There are few bigger NO NO YES moments than a KaVontae Turpin kick return from inside the ten yard line. Any time a Frog fan sees #25 moving backwards, towards the goal line, is sure to cause palpitations, but as worrisome as it is for those following TCU, it’s even more frightening for opponents. Just watch what he did against Kansas last fall...
Coaches will tell you that if a ball is over your head at the ten, let it bounce into the end zone. For the diminutive Turpin, you could probably say that’s true for the 15 yard line. But Turp has never been one to pass up an opportunity to make a highlight play, and anyone that has watched him over the last few seasons would want the electric playmaker to fair catch if he has any room at all.
Changes made to the collegiate kickoff rules last spring were enacted to cut down on the number of returns, thusly - in theory - cutting down on the number of injuries. The new rule states that the receiving team can fair catch the kick inside the 25-yard line and have it result in a touchback. Basically, you can guarantee a starting line of scrimmage at the 25 on both short and long kicks.
The rule makes sense and the reasons behind it are logical. But, for as TCU’s Gary Patterson sees it, it won’t make much of a difference. “I don’t think people are going to fair catch. Only at the end of the ball game - where you can fair catch so you’re not going to fumble. You think Turpin or one of those guys are going to fair catch it if you kick it to the five?”
Turpin is definitely not going to fair catch at the five, that we know. And most of the game’s premier return men won’t either. But, it could certainly impact the end of games, when you limit turnover opportunities or potential big plays. For Patterson, he would rather not deal with it at all. But not to avoid the big return - to protect his players. “Our whole thing is, if we could, we would kick it out of the end zone every time so we don’t have to put all ten guys running down in harm’s way. When we’ve had kickers that can kick it out, we’ve kicked it out always.”
The challenge, this season, will be finding a kicker that can do just that.
Initially, it was Cole Bunce who had the lead in the race to be the Frogs’ extra point and field goal specialist - and after a rocky beginning, he was nails down the stretch for TCU, including a couple of huge makes against Stanford in the Alamo Bowl. But, when asked last weekend, Patterson seemed to be a bit more indecisive. “Becoming more of a push. Song did better against the wind the other day in practice.”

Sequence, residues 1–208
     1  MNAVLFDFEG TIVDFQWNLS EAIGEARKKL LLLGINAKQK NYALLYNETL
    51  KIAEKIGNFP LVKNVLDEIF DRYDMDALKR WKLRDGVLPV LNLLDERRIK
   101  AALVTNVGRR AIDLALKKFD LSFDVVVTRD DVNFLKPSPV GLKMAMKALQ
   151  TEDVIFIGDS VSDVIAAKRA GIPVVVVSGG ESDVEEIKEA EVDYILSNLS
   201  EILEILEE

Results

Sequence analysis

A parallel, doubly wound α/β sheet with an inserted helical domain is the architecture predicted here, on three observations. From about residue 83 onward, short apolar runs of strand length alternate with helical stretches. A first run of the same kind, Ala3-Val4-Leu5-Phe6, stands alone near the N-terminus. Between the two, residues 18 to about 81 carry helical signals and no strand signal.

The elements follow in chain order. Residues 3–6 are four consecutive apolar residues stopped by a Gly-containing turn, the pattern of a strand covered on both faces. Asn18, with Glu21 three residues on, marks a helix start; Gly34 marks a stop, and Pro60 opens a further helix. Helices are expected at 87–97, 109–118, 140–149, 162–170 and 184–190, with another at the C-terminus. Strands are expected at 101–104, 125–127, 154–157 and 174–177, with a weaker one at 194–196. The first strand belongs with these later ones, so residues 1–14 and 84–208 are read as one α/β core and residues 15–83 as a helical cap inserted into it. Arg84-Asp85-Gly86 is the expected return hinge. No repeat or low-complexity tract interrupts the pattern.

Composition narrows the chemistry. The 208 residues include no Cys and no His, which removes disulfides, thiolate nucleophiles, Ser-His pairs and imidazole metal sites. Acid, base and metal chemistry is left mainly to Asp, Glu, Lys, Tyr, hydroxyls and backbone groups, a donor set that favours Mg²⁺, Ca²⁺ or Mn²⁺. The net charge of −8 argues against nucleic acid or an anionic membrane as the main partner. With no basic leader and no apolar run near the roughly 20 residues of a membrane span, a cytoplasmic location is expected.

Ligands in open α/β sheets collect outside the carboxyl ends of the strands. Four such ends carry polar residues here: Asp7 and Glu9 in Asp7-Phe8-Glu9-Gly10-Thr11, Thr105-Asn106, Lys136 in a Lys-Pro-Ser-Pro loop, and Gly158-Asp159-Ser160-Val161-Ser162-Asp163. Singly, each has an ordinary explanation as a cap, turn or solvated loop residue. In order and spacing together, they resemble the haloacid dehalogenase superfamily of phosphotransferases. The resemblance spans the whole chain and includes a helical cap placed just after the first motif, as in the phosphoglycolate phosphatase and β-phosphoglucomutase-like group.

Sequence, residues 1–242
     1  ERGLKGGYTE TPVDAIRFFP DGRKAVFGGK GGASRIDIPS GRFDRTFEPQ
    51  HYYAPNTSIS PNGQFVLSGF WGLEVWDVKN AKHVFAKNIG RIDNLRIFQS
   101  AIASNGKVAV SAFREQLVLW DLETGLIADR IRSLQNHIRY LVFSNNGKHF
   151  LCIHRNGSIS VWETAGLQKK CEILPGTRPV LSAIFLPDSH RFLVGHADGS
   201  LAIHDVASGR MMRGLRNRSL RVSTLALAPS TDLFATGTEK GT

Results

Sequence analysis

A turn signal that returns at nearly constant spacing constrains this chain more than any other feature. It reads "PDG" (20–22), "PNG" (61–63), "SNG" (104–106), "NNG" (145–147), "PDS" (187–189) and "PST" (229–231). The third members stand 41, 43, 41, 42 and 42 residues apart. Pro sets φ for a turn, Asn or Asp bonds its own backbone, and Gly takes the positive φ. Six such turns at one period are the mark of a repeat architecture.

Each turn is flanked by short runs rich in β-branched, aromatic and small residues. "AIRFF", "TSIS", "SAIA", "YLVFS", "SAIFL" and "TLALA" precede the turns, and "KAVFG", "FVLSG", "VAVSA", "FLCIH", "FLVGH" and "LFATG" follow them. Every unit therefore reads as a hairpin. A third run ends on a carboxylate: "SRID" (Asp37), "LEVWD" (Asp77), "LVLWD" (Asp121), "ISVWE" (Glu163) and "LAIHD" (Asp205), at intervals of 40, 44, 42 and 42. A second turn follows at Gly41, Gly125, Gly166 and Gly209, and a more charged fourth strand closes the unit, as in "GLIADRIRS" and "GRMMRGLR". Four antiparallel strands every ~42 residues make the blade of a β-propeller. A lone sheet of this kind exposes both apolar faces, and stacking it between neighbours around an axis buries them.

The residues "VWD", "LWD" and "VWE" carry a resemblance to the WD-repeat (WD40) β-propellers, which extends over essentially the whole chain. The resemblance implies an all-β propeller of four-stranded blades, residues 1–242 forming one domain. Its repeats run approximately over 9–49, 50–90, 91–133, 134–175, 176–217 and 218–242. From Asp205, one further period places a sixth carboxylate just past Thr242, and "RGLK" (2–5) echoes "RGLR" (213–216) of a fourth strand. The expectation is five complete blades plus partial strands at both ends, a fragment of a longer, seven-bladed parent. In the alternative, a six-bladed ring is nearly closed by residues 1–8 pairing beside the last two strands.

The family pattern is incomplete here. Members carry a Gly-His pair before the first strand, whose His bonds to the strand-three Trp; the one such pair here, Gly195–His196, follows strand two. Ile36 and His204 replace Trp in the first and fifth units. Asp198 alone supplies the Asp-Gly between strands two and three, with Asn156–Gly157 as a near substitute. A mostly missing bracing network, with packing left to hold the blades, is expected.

In addition to the competition at kicker, there’s another surprising special teams battle - it looks as if Adam Nunez (he of the four punts inside the ten yard line against WVU in 2017) is engaged in a little competition with Andrew David and Dillon Jones. “Punter, that’s been a battle all along,” according to Coach Patterson. Special teams as a whole seems to have been a pleasant surprise for Patterson and co... and the confidence comes from a strange place - the long snapper. “We’ve been good - our freshman snapper has been awesome. He’s fast, he’s a bigger body. We loved the guy last year - he’s probably not as good a cover guy, but definitely a better protection guy, better field goal, extra point guy because he’s bigger. There’s a difference between getting the ball off in 1.89 and 2.84. When they stand out here, before pre-practice, they’ve got their watches. They’re going to take that snap and time everyone of them.” Have you ever heard Patterson wax so poetic about any player, let alone a long snapper? Remember the name Antonio Ortiz, because if all goes well, you won’t have to think about his position for the next four years. The 6’4”, 240 pound freshman out of Mechanicsville, VA seems to have picked up right where Lucas Gravelle left off, though he is a bigger, faster version of the now Miami Dolphin.
“If everything in the package is going right, it’s hard to get that thing blocked. So that’s one less thing for a head coach to worry about.” TCU had one punt and no field goals blocked a season ago, but it’s not just about getting the kicks off clean. A fast snapper can have a huge impact on field position in the punt game and instill confidence in your kicker on longer field goals. Having a guy that looks as good as Ortiz does is a real win.
That’s not the only interesting thing about the freshman though - according to Drew Davison at The Star-Telegram:
Ortiz played tight end, defensive end and snapper in high school, and also competed in basketball and track and field. His twin brother, Marco, is the snapper at Florida, and his father, Fred, played football at UT-Arlington in the 1980s.
If all goes well, this is the last time we will need to talk about the snapper. Hopefully, the rest of the special teams unit is just as solid all season long.